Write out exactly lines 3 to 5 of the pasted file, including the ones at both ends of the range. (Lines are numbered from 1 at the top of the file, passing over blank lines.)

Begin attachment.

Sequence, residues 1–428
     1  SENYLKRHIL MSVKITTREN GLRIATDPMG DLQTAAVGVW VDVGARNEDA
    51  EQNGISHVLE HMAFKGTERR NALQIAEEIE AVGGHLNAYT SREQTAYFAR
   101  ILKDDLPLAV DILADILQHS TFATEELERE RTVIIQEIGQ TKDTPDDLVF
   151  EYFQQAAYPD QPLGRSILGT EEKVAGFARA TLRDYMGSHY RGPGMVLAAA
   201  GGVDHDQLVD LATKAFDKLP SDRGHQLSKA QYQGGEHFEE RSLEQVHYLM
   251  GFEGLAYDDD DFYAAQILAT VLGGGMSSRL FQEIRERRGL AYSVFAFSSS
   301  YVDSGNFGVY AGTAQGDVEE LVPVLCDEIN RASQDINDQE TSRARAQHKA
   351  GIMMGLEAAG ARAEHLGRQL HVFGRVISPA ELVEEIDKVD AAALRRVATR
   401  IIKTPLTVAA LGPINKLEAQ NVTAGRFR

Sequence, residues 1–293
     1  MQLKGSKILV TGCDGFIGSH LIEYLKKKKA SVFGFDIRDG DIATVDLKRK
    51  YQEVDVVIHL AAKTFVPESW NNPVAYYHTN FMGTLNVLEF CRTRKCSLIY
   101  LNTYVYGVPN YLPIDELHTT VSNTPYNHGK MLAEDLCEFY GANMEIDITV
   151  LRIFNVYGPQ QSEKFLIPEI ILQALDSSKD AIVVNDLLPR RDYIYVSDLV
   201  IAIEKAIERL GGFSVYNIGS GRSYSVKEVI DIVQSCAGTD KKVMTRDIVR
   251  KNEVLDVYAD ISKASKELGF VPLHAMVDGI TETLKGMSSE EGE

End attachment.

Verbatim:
    51  EQNGISHVLE HMAFKGTERR NALQIAEEIE AVGGHLNAYT SREQTAYFAR
   101  ILKDDLPLAV DILADILQHS TFATEELERE RTVIIQEIGQ TKDTPDDLVF
   151  EYFQQAAYPD QPLGRSILGT EEKVAGFARA TLRDYMGSHY RGPGMVLAAA